"What has happened here is so momentous that society and the institutions have assimilated the despair and the skepticism. It was a taboo subject because the survival instinct prevailed, and no solution was in sight. As the Chinese proverb says, if a problem has no solution, then it ceases to be a problem," says Iñigo Lamarka, the regional ombudsman. "We are talking about many thousands of citizens living under death threats: all the public officials of the Basque Socialist Party and the Basque Popular Party, some nationalists, all the judges and prosecutors, all the police officers, the military leaders, the prison workers, the businesspeople subjected to extortion... they add up to a huge number."

Lamarka is certain that when this threat is fully gone, there will be "a general explosion of joy, even if it brings together elements from different and even opposite ends of the political spectrum. All of Basque society will realize just how terrible it has been to live with this nightmare for so many years."

Juan Ignacio Vidarte thinks that 99 percent of Basques will feel like a weight has been lifted. "We are all going to experience a feeling of ethical freedom, because regardless of individual suffering and responsibility, we have all carried the stigma of violence," he says. One wonders whether the terrorists will also feel liberated, even if they failed to twist democracy's arm.

"I can see myself as one of those Germans who, in certain socio-historical circumstances, looked the other way," says Ramón Saizarbitoria. "Yes, I feel part German," insists the writer who also works with the Fernando Buesa Foundation, created to honor the eponymous Socialist deputy premier assassinated by ETA. It is as though the author of Ehun metro was volunteering to atone for the guilt of some politicians and intellectuals who will never see the need to redeem themselves, despite having ample reason to do so.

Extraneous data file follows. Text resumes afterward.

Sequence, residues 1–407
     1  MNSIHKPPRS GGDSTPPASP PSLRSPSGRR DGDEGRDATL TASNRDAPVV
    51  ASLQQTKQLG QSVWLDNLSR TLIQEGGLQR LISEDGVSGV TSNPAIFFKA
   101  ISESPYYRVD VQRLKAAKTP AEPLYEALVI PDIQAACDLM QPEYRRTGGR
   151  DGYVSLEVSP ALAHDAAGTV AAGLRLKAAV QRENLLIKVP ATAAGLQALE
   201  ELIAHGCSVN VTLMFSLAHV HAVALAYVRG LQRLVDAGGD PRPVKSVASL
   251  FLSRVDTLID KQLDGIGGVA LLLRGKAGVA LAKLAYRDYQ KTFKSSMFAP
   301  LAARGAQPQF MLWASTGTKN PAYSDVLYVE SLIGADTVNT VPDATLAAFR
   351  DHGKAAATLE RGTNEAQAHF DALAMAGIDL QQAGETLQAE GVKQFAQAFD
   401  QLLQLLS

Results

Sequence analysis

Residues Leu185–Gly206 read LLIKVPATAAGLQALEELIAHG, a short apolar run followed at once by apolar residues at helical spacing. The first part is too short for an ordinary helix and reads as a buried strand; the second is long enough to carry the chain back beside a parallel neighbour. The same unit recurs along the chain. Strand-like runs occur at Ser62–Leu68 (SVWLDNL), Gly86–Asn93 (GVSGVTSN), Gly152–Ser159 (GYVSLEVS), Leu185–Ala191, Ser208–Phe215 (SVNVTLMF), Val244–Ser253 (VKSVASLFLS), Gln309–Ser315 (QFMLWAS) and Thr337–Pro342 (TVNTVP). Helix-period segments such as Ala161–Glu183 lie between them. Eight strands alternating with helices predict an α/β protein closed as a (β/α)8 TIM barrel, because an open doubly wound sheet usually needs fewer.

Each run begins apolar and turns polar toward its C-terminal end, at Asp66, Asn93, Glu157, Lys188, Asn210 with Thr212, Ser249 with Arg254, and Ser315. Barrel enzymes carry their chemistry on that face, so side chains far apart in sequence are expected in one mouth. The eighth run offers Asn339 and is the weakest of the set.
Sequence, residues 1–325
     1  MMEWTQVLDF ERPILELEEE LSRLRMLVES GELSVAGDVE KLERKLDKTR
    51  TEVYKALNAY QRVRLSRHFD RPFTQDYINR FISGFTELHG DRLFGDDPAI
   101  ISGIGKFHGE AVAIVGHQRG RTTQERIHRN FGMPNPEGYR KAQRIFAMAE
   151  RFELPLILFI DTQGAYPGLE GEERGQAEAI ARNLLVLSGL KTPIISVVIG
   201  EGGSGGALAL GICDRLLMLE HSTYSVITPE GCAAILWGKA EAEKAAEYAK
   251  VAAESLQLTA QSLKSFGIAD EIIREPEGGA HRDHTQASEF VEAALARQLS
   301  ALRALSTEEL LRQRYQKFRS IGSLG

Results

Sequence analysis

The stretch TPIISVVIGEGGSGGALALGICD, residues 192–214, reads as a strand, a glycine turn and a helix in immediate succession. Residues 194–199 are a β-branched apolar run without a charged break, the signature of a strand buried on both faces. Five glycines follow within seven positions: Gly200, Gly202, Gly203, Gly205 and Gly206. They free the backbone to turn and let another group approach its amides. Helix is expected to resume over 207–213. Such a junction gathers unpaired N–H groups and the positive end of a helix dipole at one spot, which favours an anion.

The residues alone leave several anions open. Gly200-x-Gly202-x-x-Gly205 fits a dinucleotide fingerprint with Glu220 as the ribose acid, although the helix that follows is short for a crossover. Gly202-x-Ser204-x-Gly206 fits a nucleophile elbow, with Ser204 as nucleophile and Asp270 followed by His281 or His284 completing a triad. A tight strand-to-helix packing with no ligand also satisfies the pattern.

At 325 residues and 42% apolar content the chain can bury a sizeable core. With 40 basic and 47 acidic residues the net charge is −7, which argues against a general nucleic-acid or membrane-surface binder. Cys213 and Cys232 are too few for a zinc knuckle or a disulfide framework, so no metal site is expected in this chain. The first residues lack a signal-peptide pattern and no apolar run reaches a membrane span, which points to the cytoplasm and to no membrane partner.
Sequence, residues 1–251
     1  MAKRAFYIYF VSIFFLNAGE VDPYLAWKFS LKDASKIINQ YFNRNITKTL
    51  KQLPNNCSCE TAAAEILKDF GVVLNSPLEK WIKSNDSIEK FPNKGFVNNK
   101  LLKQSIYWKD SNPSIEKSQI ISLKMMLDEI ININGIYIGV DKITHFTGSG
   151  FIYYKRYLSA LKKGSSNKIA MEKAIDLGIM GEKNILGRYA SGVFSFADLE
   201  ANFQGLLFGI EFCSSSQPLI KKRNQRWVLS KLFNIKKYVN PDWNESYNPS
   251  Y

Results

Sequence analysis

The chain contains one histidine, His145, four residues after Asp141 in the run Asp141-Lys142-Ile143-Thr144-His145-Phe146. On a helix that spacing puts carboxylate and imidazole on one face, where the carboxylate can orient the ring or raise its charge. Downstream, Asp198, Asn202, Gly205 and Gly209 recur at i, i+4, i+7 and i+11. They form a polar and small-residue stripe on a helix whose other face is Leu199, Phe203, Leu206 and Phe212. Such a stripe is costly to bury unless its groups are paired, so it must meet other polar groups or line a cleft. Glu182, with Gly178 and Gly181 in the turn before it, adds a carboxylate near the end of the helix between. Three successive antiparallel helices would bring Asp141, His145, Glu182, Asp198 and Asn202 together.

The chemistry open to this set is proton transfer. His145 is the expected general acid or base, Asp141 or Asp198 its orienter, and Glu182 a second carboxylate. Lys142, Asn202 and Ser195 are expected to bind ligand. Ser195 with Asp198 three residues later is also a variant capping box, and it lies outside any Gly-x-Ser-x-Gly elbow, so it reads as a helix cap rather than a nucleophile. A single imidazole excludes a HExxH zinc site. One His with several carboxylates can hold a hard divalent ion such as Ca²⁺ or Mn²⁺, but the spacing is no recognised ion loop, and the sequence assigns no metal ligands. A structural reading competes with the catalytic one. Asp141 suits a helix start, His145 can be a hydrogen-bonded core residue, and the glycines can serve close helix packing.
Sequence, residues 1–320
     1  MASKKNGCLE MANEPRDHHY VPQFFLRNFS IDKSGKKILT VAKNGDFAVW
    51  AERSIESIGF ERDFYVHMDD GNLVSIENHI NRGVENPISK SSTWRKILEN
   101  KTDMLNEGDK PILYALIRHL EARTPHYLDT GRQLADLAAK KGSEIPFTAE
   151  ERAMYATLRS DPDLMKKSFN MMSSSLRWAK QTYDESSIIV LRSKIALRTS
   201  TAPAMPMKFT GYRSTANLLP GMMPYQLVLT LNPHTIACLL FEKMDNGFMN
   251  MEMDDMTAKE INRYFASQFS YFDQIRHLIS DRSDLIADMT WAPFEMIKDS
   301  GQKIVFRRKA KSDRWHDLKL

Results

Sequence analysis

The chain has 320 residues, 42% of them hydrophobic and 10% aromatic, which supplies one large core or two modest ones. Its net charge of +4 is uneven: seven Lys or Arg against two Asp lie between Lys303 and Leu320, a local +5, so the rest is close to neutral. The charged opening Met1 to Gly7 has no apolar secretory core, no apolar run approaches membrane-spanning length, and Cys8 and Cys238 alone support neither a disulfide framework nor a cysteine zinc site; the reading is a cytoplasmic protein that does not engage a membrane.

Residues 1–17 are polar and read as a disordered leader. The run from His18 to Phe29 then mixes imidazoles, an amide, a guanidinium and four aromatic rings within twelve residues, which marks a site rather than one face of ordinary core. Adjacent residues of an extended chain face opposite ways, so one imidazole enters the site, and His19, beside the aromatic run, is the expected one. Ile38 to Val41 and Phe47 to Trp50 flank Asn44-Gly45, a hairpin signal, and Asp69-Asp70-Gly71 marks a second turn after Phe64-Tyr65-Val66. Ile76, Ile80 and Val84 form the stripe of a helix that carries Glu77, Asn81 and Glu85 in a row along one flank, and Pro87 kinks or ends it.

The death in 1987 of Koldo Michelena, a leading light of nationalist intellectuals and politicians who famously said "I am a democrat first, an abertzale later," meant a greater loss for Euskadi than was initially thought. His absence was felt in the behavior of nationalists who reached a deal with ETA to isolate all non-nationalist Basques.

"At the origin of violence, Fanon [Frantz Fanon, a Neo-Marxist who inspired anti-colonial liberation movements] was as guilty as Sabino Arana [the founder of the Basque Nationalist Party PNV], even though the people who founded ETA during Franco's time were anti-Marxist," notes Saizarbitoria. So was the romantic aristocrat Telesforo Monzón, who left the PNV to join Batasuna and spent his time writing songs that enjoined youngsters to keep up the fight. ETA has certainly not been short on poets. The most popular one, Joseba Sarrionaindia, escaped from Martutene prison in San Sebastián inside a speaker used by the singer-songwriter Imanol Larzabal, who had just performed there. Imanol died in Orihuela, where he fled to get away from ETA's harassment, while Sarrionaindia kept getting plaudits from his people with poems such as Tiro hotsak, in which the mother of an ETA prisoner sees a police officer lying wounded under her window and refuses to help him, saying she will never do so as long as her son is in jail.